The discovery of the Flame malware has raised a number of questions, some mundane, some interesting and many unanswerable at this point. But the point that’s most interesting also is the one that likely will go unaddressed for the foreseeable future, and that is, the need for a serious, open discussion on the use of cyber weapons.
The Stuxnet, Duqu and Flame episodes have stirred up a giant swirl of hyperbole and speculation, both along the lines of sophistication and attribution. A piece in The New York Times today speculates that not only was the United States responsible for creating and deploying Stuxnet, but it was just one part of a comprehensive campaign by the Bush and Obama administrations to disrupt nuclear operations in Iran through the use of offensive security tools. This is something that people in the security community have been talking about since the discovery of Stuxnet, when researchers pointed the finger at the U.S., or possibly Israel, for the attack. So the idea that one of Iran’s stated enemies would have launched Stuxnet against that country isn’t much of a stretch.
“It appears to be the first time the United States has repeatedly used cyberweapons to cripple another country’s infrastructure, achieving, with computer code, what until then could be accomplished only by bombing a country or sending in agents to plant explosives,” David E. Sanger wrote in the Times piece.
It’s been known that many countries have developed offensive cyber weapons and there have been discussions in the security community about the use of these tools and who may be using them against whom. But the problem is that there’s no public discussion about the existence, let alone the use, of these tools. Obama officials have only referred obliquely to the possibility of offensive security operations in policy documents. Other governments have taken a similar stance, not specifically discussing the use of attack tools and only speaking in generalities when the topic comes up.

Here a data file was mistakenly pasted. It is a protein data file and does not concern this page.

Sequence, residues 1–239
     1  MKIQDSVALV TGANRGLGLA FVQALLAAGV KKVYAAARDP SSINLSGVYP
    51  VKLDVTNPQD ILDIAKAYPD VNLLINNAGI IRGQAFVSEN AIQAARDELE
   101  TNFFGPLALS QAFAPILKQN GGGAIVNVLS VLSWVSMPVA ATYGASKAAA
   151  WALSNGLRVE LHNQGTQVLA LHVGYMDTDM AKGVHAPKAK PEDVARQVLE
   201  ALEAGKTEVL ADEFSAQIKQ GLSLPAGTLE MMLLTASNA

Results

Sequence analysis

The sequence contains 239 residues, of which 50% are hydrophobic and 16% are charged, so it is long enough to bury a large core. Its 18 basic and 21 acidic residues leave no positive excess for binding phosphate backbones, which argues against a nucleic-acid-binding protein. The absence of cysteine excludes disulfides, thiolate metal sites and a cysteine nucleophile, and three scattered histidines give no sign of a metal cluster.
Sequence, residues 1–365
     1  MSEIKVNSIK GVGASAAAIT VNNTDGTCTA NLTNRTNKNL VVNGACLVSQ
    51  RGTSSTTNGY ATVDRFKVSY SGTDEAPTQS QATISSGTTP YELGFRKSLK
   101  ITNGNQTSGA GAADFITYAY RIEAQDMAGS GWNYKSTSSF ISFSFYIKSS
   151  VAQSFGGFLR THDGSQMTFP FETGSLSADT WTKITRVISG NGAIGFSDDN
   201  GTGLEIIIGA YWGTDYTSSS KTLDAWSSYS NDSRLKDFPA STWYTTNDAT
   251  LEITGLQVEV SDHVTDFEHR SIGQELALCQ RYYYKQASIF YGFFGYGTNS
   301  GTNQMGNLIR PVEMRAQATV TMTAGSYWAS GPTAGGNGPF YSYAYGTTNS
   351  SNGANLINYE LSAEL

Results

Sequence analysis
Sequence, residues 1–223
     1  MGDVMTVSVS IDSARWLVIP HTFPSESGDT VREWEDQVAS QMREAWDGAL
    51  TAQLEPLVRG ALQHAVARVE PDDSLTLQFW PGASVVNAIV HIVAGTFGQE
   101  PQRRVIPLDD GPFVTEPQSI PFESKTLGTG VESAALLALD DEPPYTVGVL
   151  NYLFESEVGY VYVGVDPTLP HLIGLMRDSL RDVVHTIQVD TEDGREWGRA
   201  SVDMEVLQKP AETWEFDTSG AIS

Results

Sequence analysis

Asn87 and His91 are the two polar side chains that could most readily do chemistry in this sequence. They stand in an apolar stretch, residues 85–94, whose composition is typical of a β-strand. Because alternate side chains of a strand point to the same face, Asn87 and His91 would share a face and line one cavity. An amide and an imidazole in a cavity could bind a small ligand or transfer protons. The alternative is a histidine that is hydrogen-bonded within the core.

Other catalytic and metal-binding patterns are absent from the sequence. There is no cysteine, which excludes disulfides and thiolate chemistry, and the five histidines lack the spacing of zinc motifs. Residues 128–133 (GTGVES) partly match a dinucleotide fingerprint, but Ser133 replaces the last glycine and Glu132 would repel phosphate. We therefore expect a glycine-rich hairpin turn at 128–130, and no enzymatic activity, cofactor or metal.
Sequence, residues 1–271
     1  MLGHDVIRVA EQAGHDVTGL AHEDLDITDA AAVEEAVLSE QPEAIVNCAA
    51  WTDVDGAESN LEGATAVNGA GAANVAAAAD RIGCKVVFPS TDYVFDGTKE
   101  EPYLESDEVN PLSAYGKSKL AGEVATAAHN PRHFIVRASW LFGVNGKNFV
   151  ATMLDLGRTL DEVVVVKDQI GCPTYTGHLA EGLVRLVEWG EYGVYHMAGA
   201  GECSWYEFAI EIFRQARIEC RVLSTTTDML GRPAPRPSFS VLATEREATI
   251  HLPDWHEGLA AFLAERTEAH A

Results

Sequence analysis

But, as Steve Bellovin points out, the time has come for an open and frank discussion about the kinds of tools that governments and intelligence agencies are developing and how they can and should be used.
“The world knows, more or less, what is acceptable behavior in the physical world: what constitutes an act of war, what is spying, what you can do about these, etc. Do the same rules apply in cyberspace? One crucial difference is the difficulty of attribution: it’s very hard to tell who launched a particular effort. That in turn means that deterrence doesn’t work very well,” Bellovin wrote in a blog post.
“There needs to be a national and international debate on this topic. No one is going to supply details of their operations or capabilities, but the simple fact that they exist isn’t and shouldn’t be a secret. Basic US nuclear doctrine has never been concealed; why should this be different?”
The answer is, it shouldn’t be any different. These weapons already are in use, and as Bellovin says, one looming problem is that the targets and the rest of the world don’t know who launched any given attack. No one is standing up to take credit for attacks such as Stuxnet or Duqu, which leads to rampant speculation. That helps no one.
What would help is for someone in the administration to acknowledge that attack tools are in use, and talk about the circumstances under which they’re being used. It’s easy to find stories with named government and military officials talking about their development of new conventional weapons and they hold massive press events for the unveiling of new fighter planes. But cyber weapons are the orphans, unacknowledged and undiscussed.
This isn’t 1995 or even 2005 anymore. Let’s get on with it.